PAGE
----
7. And, No, I don’t have trouble turning it around the beam. It’s actually easier. I use a batten. Loosen the tension on the loom I open a shed and put in a Navajo batten that is wider than the loom with a semi sharp edge on the fell line. Doesn’t move the warps to far apart while turning, keeps the edge of the batten on the fell line rather than opening the shed and possibly moving one part of the shed further around then the other shed-this can become a problem on a loose warp. Close the shed and turn, push, and pull the warp and piece around to where I want the fell line to be.
8. The bars that come with mirrix loom are too fat and I loose too much weaving area by the time I bring the two sheds close enough to weave. I usually weave in 3 small bars that are an about an 8th of an inch diameter for easier spacing and holding the warp as I space it.
9. It’s a better bet when using dual duty craft and button hole twist as the warp. Less chance of mistakes and a better chance of correcting warp tension and warping with even tension as one tires during the process of winding the warp around the beams and through the spring(S).
More bits, pieces, And random thoughts on technique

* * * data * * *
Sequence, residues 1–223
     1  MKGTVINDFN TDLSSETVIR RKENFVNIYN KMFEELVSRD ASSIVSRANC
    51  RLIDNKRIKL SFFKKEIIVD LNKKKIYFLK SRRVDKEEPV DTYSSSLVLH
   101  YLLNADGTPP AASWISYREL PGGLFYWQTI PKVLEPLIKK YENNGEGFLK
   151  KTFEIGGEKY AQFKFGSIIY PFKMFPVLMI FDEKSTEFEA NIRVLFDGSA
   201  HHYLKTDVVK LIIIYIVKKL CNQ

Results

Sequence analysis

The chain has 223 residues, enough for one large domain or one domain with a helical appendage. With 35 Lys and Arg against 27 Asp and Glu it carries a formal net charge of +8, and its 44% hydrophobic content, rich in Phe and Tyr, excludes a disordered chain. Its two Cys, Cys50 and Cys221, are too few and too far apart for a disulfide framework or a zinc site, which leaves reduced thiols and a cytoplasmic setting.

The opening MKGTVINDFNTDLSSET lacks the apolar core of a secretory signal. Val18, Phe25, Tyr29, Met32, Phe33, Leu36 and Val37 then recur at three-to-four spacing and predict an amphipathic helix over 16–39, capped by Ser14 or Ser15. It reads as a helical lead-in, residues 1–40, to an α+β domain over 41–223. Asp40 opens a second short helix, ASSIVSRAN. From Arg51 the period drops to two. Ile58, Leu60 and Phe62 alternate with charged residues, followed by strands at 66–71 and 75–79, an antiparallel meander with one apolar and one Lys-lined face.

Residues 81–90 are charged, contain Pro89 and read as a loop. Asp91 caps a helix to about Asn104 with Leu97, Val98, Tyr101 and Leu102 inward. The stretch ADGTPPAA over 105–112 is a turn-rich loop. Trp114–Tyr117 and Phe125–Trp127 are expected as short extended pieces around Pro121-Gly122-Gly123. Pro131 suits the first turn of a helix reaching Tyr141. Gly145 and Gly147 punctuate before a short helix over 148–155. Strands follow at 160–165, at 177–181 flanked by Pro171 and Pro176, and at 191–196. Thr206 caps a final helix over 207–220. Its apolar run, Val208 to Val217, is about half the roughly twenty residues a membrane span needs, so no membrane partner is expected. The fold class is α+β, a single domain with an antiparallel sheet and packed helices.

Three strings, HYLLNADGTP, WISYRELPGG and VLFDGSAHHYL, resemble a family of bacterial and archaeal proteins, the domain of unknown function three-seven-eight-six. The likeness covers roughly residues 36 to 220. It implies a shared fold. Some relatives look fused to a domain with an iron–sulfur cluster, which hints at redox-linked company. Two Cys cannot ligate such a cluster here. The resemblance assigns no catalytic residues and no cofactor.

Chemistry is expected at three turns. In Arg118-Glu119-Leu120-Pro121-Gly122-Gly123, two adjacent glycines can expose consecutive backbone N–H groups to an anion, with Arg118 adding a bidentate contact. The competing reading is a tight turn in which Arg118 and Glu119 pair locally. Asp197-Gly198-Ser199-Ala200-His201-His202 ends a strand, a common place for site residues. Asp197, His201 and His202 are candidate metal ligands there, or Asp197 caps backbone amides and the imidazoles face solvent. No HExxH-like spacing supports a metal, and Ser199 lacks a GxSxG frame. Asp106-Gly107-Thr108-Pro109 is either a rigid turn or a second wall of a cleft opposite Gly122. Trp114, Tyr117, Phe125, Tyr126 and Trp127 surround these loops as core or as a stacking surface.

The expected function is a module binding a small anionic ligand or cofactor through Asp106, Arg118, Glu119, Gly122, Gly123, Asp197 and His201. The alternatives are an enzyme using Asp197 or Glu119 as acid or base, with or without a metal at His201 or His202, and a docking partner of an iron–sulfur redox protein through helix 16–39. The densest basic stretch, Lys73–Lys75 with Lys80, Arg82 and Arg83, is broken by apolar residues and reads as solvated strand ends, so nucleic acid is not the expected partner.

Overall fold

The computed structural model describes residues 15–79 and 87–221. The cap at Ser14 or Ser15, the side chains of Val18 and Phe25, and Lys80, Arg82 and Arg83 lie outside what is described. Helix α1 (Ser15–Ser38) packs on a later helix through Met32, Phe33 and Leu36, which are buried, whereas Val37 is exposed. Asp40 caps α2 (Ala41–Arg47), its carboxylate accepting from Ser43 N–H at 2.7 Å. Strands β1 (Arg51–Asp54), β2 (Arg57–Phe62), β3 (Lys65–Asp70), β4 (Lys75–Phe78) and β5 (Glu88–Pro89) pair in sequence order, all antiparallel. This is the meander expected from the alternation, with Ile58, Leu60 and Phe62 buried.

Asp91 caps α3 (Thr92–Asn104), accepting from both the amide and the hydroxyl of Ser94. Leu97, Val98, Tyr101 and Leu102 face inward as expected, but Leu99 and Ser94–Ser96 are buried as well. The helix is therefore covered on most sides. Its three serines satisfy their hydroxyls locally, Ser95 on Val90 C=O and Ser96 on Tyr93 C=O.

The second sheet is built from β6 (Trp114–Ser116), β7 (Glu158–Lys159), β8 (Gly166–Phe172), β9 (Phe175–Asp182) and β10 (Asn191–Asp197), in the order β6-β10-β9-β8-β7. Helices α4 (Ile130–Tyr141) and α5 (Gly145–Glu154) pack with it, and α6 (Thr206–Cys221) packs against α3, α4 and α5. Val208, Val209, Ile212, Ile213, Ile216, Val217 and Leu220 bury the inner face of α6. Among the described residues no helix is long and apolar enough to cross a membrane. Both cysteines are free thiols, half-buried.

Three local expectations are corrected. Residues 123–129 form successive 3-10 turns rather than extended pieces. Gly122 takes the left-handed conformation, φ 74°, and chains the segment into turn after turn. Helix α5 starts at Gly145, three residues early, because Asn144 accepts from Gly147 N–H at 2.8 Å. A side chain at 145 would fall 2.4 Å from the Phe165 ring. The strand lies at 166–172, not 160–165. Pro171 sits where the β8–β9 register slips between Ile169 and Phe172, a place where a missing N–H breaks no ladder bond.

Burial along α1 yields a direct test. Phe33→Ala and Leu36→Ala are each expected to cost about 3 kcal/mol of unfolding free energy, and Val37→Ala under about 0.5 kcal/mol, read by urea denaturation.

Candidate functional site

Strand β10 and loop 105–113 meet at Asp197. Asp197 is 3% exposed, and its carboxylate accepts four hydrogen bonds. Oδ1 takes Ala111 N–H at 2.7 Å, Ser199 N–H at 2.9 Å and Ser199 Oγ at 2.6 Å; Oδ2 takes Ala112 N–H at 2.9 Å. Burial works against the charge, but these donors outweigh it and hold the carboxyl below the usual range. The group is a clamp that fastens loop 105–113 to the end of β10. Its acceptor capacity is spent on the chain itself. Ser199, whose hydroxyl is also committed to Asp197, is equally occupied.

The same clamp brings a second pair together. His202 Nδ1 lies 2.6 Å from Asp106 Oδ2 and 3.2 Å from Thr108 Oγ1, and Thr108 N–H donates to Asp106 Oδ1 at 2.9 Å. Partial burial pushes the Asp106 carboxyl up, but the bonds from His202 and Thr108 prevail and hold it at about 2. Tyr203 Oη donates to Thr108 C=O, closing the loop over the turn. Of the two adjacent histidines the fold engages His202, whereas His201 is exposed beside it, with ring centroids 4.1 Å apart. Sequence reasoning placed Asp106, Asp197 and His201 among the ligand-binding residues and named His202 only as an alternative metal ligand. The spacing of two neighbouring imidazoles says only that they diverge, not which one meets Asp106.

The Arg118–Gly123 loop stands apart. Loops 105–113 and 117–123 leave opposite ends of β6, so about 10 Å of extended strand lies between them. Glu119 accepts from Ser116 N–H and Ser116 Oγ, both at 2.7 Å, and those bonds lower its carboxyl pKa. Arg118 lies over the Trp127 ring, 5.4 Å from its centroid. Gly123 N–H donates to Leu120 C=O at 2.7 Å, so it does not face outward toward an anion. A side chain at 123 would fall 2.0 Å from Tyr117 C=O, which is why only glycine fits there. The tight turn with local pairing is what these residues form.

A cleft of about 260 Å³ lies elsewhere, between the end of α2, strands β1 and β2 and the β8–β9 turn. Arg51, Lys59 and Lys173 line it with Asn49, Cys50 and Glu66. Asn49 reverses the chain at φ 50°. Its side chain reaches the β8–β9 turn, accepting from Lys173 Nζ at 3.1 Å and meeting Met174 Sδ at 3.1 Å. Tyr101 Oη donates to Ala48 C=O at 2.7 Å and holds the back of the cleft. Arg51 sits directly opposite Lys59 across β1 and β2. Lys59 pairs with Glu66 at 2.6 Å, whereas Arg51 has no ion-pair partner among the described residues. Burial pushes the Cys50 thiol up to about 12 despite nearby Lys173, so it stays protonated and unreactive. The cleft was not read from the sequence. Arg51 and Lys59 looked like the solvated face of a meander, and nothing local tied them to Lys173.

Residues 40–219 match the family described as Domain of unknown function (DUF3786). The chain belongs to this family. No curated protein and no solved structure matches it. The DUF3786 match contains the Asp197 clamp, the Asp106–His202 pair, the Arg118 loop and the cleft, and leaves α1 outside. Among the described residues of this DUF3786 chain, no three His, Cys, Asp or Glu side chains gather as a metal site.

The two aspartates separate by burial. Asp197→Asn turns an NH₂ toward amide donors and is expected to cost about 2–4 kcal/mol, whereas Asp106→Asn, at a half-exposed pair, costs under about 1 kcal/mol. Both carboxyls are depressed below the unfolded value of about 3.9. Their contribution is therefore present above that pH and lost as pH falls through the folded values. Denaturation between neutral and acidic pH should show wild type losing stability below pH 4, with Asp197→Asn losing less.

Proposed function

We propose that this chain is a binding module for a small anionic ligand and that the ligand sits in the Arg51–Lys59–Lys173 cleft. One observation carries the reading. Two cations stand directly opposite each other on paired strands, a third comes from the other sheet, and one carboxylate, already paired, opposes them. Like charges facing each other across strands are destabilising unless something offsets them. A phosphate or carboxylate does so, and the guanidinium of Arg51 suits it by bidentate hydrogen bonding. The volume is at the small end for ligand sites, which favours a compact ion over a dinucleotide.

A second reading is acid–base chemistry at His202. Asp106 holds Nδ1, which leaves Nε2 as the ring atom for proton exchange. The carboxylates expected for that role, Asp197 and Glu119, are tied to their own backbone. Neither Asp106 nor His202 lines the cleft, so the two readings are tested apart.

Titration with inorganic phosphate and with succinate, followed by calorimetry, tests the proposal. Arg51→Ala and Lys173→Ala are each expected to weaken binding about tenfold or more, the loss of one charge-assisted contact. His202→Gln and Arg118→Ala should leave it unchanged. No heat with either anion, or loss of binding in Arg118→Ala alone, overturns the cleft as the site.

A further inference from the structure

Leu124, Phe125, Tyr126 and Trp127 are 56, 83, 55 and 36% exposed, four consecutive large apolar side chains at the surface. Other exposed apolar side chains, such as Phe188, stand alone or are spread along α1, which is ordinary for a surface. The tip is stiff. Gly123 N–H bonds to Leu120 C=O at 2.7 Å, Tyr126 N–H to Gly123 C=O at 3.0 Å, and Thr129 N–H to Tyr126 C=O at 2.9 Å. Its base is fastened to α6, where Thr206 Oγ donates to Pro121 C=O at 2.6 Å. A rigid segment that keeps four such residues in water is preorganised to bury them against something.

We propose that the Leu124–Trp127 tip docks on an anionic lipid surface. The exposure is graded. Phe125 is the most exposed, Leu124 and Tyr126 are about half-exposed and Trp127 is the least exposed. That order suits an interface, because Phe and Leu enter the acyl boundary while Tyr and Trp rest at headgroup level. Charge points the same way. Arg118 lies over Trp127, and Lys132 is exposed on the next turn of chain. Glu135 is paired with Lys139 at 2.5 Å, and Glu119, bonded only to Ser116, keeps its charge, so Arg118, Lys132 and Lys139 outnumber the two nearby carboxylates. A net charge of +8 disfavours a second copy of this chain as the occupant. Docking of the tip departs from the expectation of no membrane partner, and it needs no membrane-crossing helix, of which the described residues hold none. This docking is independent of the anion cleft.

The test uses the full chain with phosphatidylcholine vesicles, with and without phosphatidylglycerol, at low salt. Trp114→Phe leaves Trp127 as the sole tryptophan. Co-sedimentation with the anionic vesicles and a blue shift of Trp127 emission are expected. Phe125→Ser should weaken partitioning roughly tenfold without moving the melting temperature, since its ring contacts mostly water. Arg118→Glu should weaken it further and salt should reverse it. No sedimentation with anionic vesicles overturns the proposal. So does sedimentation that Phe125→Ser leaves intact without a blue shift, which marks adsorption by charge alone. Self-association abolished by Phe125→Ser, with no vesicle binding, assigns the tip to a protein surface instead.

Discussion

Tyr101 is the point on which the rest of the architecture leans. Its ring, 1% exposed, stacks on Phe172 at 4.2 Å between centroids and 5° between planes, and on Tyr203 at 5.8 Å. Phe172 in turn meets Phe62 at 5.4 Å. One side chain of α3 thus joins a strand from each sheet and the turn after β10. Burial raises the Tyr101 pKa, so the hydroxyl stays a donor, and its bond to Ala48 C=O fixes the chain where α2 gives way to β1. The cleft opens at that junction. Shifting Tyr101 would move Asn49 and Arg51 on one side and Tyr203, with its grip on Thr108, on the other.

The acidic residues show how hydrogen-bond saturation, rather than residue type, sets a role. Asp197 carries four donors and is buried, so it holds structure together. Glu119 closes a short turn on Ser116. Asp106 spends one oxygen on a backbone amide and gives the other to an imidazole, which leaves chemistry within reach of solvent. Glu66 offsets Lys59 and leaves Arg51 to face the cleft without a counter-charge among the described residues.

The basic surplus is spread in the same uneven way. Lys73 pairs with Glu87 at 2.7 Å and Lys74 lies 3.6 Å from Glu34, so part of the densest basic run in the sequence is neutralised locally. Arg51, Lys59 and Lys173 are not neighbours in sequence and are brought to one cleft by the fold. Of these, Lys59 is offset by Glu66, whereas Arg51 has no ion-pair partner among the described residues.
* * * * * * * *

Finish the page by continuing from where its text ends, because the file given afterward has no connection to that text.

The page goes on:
Beverly Weaver in one of my two classes in Co. Springs for the Pikes Peak Hand weaving Guild made me aware of another use for soumack in the design process. I teach about handiness(right or left slant) all of the time. I use it for outlining, edges, concentric circles and nested squares.and spirals etc. What I never thought about doing is using in the design process to move the eye out or in and creating a Vasarely type of effect. The slant of the soumack turns can be used to move the eye outward or inward. By using the slant in relation ship to colour contrast-such as complements or warm and cool one can create more dimensions in the shape.
In the two pictures above Pike Peaks early morning. second photo note the slant of the soumack. Slant is called handedness and is dependent on the turn of the soumack weft wrapper.
One can add a second element to the op effect by the colour contrast used in the ground and on the twiner-extreme would be red-green, orange to blue etc. By using warm and cool contrast or light and dark contrast the effect could be even more pronounced.
More random thoughts of Colorado Springs.
Work that done by Susan Seufer and Carole Stewart who had taken by Albuquerque class and classes in Colorado Springs. Susan also had a piece in the Portals Small Format exhibit and catalogue.
One of the nicest surprises- besides the wonderful people in my workshops- I had while teaching in Colorado Springs was to walk through a door and find two really nice 16th century Flemish Tapestries that were on loan. They were placed in such a way they were almost impossible to photograph except for details, Baby grands lights and tables are notoriously hard to photograph around, but I did get some great details to work with. I also fell in love with the Devils Garden and it’s very thin outgrowths of rock. Sort of looked like a dinosaur or a dragon had fallen asleep leaving the spines, fins and spikes on his back at attention.